FMCA will return to this California city and fairgrounds complex in March for its 75th International Convention, “Celebrating Family.”
By Pamela Selbert
Back in 1851 my great-great-great grandfather Washington Peck traveled by horse-drawn Conestoga wagon through fledgling Los Angeles on his way to Sacramento and the gold fields. Fortunately for me, he kept a detailed journal of his travels. In it he assessed Los Angeles as a town that didn’t amount to much. He predicted it probably never would. Hard to imagine what he would think if he could see it now, with a population of almost 4 million, and the many towns its metro area encompasses.
Among these is Pomona, located 30 miles east of L.A., between the Inland Empire and the San Gabriel Valley. It now claims a respectable population of 168,000 across its roughly 23 square miles.
What indeed would Washington Peck think of Pomona? It’s a land of lovely vistas and green hills dotted with horses and houses, and probably best known today as the site of the huge Los Angeles County Fair “” the largest county fair in the United States “” and of California State Polytechnic University-Pomona.
On March 20, 21, 22, and 23, 2006 Family Motor Coach Association will visit Pomona for the fifth time by holding its 75th International Convention “” dubbed “Celebrating Family” “” at the Los Angeles County Fair, Hotel and Exposition Complex, better known as Fairplex. The grounds are so accommodating, diverse, and convenient to travelers that it has become a popular place to hold FMCA gatherings.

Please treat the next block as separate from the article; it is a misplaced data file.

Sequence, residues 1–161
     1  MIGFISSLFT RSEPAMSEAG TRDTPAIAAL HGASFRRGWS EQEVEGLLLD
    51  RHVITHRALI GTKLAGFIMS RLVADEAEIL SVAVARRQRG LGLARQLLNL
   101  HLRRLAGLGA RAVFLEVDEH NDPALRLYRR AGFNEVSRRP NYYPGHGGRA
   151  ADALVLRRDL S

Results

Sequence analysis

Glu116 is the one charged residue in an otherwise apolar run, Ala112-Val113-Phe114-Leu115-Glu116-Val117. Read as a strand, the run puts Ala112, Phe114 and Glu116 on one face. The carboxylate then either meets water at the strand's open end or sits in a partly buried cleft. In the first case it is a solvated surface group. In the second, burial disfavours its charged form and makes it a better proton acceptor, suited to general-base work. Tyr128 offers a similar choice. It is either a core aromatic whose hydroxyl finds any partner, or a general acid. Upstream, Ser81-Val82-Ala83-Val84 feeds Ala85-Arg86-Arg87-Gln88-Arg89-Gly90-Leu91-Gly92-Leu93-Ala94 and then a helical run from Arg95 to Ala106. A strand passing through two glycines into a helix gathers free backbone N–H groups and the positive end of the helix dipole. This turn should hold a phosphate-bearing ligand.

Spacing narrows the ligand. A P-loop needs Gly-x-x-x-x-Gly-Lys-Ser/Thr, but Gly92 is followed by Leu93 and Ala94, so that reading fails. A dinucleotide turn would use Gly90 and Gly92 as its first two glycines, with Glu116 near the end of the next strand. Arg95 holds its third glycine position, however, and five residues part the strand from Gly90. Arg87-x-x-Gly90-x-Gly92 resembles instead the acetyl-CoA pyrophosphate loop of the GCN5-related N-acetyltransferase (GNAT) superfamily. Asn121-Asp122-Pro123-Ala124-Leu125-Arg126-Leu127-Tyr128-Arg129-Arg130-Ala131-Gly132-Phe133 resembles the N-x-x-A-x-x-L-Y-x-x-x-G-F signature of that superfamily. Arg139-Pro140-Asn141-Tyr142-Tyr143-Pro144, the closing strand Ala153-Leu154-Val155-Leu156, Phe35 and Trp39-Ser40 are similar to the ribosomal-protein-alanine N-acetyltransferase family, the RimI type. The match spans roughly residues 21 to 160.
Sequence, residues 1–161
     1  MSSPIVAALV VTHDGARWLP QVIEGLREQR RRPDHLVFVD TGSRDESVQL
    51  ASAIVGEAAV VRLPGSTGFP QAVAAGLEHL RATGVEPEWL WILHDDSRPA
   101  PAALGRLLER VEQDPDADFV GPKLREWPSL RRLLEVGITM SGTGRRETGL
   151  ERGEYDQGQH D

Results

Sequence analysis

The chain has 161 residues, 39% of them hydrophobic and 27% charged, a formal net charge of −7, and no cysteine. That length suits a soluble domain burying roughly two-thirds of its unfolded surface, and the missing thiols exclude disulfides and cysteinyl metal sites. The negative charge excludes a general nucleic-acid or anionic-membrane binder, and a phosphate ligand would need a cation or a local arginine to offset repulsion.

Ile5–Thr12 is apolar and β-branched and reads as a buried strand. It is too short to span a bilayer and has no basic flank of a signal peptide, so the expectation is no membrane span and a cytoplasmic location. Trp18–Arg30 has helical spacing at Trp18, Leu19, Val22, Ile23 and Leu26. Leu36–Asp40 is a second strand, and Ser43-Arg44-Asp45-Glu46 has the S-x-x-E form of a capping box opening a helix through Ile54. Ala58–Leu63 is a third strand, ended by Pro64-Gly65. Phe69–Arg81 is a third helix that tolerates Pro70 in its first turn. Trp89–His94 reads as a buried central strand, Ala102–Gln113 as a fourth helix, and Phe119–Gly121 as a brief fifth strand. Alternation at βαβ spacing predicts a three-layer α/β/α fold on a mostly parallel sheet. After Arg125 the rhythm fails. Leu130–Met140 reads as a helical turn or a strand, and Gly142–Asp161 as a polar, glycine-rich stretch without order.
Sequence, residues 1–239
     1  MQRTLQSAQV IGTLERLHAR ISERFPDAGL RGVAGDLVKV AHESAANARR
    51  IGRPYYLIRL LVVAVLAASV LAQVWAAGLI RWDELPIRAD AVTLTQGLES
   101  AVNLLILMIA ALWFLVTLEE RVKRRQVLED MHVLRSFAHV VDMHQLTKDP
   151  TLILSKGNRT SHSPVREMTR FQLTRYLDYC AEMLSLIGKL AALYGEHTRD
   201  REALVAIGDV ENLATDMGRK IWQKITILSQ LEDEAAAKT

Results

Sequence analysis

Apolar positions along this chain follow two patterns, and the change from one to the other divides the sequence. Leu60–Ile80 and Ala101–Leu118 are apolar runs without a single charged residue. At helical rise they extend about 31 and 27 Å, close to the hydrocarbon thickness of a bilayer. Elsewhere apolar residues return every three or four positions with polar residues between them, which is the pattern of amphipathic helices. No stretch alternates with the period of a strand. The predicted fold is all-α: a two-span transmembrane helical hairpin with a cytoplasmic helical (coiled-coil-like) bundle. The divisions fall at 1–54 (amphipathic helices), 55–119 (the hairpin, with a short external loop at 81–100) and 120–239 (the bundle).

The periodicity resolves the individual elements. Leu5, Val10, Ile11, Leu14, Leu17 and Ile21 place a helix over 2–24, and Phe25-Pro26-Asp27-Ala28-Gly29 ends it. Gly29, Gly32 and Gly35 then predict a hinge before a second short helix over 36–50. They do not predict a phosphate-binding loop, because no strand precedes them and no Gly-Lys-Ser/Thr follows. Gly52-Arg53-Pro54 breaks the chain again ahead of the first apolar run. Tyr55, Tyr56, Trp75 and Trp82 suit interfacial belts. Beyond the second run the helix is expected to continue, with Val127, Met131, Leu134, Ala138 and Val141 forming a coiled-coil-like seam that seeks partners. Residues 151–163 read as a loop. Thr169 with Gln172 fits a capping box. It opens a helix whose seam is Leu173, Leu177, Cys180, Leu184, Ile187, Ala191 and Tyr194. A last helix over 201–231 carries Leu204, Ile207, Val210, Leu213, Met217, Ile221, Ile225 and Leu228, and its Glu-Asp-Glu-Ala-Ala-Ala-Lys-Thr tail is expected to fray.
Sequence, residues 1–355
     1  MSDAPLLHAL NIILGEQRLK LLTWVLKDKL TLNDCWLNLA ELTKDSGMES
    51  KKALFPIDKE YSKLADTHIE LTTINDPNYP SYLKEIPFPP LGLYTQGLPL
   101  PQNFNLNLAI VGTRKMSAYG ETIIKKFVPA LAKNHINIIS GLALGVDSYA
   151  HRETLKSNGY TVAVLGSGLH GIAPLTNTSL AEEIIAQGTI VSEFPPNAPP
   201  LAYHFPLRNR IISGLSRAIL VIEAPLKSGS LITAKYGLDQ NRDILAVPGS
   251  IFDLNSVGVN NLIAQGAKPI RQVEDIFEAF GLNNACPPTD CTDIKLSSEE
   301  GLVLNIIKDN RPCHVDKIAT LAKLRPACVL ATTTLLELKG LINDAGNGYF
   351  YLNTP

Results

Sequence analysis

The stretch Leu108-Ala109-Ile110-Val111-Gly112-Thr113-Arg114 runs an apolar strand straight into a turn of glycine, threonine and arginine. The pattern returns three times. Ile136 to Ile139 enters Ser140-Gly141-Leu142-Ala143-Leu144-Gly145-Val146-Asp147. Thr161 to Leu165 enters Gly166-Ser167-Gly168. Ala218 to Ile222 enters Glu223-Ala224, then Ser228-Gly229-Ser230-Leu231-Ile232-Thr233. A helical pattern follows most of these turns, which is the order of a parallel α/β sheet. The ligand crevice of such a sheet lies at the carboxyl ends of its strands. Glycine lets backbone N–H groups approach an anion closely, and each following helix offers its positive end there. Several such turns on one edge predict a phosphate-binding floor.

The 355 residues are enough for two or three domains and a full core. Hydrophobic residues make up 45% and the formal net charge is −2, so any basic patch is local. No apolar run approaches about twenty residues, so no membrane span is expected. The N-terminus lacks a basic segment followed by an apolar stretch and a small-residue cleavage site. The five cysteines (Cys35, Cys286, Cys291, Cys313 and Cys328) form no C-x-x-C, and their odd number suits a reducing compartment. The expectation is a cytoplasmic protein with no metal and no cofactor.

Peck, who was the wagon master of his party, a cooper by trade, and later a territorial legislator in what would become the state of Washington, may not have envisioned anything like what has developed in the region. But, in fact, Pomona was already in the works when he passed through the area.
According to the Pomona Chamber of Commerce, the town’s rich history is marked by many milestones. Originally it was home to the Gabrielenos Indians, and the valley it occupies became known in the 1700s as Rancho San Jose, which would soon become part of Mission San Gabriel’s grazing lands. (It was common for Spanish missions to maintain large herds of cattle and other grazing animals.) In the 1830s a couple of Mexicans, Don Ygnacio Palomares and Don Ricardo Vejar, petitioned the governor, and in 1837 were given rights to the land.
The pair divided Rancho San Jose in two. The northern half of the ranch was run by Palomares, whose 1837 home, La Casa Primera de Rancho San Jose, can be toured today. Much of the home, where he lived for 17 years, is furnished with period antiques.
Vejar got the southern half of the ranch, according to Walter Hackett, a great-great-great grandson of the rancher. Hackett disagrees with the official information that in 1863 Vejar’s portion “was passed on to two merchants from Los Angeles.” Rather, he maintains, the merchants tricked Vejar out of the land. Vejar had purchased cattle supplies from them on credit and, according to Hackett, was asked to sign an agreement that was drafted in English rather than Spanish. The rancher was told he was agreeing to pay for the supplies with interest. In fact, the document was a mortgage on his property.